This is a regional grazing group located in south-central Kansas and north-central Oklahoma on 5.4 million acres of mixed-grass and sand-sage prairies. The region is ecologically important because it is Kansas’ second largest, in-tact tract of native prairie (second only to the Flint Hills), and is home to a number of declining wildlife species which require large, unfragmented tracts of native prairie. The group works with ranchers in its area to educate how best to manage grasslands to produce wildlife, clean air and water, as well as income from livestock grazing.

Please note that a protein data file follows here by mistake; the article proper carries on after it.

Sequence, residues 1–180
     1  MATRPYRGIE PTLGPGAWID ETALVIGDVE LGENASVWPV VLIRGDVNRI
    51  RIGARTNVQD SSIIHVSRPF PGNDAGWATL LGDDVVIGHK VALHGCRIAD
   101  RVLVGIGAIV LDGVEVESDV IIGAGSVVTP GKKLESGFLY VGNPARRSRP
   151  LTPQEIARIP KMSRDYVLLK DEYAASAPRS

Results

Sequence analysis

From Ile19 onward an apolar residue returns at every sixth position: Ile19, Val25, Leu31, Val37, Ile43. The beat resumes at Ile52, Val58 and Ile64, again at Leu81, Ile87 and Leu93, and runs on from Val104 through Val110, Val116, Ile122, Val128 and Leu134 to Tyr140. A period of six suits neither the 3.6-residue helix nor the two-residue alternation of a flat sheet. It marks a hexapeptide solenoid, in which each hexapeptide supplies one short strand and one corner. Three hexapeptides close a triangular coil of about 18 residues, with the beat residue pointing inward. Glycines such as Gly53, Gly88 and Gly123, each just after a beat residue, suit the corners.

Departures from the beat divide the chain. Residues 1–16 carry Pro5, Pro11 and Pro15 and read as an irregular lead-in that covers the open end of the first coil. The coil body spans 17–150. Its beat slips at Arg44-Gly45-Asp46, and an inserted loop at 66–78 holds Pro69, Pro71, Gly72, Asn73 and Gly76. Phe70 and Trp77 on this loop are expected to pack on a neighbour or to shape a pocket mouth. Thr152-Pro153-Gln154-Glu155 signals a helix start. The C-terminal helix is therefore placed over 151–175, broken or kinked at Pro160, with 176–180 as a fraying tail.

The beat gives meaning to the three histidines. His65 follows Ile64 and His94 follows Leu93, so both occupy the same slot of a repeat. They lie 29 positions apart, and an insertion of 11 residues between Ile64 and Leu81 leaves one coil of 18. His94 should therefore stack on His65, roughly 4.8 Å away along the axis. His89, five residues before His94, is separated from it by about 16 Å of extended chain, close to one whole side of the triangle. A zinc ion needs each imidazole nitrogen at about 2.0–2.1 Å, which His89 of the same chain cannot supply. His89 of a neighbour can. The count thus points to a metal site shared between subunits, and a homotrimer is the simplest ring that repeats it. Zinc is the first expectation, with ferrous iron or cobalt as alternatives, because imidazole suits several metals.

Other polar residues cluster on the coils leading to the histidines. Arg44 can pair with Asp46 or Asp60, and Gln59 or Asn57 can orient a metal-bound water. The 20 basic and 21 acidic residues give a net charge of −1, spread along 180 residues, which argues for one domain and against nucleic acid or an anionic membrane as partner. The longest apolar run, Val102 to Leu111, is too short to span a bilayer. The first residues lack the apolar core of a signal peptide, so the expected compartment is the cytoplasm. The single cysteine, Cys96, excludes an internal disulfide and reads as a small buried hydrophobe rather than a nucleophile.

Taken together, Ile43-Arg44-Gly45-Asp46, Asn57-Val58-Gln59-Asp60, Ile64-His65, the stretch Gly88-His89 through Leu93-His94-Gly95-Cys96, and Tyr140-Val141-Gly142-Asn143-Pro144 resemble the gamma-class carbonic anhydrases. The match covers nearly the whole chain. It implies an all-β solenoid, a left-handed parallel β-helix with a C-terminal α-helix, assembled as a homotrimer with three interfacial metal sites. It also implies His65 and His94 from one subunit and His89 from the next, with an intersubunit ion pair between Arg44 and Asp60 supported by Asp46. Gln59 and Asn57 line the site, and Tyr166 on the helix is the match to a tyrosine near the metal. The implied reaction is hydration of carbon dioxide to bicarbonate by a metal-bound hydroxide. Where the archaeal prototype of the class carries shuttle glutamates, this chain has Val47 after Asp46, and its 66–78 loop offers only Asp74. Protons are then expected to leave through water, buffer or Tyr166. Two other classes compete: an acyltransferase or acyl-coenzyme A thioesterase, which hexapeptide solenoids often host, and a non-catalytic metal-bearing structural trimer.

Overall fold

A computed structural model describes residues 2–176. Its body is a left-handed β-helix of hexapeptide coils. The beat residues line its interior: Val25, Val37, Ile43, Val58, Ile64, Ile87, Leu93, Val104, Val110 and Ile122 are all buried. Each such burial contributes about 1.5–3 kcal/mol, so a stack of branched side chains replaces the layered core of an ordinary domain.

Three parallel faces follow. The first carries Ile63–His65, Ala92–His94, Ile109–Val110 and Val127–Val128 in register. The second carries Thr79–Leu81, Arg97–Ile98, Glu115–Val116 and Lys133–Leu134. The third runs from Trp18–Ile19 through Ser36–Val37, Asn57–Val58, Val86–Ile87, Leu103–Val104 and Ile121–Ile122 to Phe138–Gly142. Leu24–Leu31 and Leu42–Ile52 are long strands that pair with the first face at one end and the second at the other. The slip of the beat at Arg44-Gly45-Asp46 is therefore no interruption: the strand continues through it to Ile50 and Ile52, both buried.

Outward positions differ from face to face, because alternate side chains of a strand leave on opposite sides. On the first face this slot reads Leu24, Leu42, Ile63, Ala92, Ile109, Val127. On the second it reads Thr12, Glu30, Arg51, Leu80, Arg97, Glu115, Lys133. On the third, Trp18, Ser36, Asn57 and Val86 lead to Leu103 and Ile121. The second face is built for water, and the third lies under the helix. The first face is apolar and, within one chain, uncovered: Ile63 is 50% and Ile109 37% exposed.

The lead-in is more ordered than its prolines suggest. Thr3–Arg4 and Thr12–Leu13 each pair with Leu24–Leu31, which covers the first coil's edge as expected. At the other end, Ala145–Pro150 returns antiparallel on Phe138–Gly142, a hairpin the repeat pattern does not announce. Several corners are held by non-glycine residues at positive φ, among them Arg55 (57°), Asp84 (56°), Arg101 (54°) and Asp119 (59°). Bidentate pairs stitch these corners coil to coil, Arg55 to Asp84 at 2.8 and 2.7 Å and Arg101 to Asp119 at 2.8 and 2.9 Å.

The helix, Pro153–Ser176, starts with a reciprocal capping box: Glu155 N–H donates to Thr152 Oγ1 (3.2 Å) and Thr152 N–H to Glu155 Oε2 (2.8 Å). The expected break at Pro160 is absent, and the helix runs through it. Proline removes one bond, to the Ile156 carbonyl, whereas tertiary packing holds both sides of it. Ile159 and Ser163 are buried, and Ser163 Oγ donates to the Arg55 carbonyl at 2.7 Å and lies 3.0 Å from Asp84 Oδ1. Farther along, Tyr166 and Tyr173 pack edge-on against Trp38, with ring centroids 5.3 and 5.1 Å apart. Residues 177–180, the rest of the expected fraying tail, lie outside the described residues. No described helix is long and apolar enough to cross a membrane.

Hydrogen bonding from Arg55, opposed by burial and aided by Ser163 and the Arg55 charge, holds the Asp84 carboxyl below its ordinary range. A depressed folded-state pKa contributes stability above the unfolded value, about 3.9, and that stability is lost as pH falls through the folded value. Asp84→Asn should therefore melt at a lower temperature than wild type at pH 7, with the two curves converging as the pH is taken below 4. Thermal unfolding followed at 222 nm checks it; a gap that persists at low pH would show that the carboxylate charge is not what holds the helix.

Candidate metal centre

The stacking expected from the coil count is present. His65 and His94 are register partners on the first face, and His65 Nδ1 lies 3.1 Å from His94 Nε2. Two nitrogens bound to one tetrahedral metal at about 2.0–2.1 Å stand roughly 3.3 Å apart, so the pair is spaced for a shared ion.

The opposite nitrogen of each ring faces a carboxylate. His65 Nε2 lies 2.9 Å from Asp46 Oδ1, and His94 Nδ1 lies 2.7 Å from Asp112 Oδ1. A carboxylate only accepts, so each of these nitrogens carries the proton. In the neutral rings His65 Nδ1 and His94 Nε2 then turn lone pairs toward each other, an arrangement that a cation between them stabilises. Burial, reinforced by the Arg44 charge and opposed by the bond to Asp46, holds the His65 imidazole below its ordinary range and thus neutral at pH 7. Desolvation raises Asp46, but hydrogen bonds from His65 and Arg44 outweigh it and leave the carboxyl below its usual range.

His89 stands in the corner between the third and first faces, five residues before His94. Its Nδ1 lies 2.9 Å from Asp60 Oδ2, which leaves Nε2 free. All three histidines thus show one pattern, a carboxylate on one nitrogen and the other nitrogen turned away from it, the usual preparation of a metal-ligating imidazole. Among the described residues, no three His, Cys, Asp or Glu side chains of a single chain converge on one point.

This episode of Playa Country is the last of a six-part series on landowner conservation partnerships. It originally aired on High Plains Public Radio Tuesday, September 24, 2013. The next series on Playa Country will cover Ogallala Aquifer Conservation.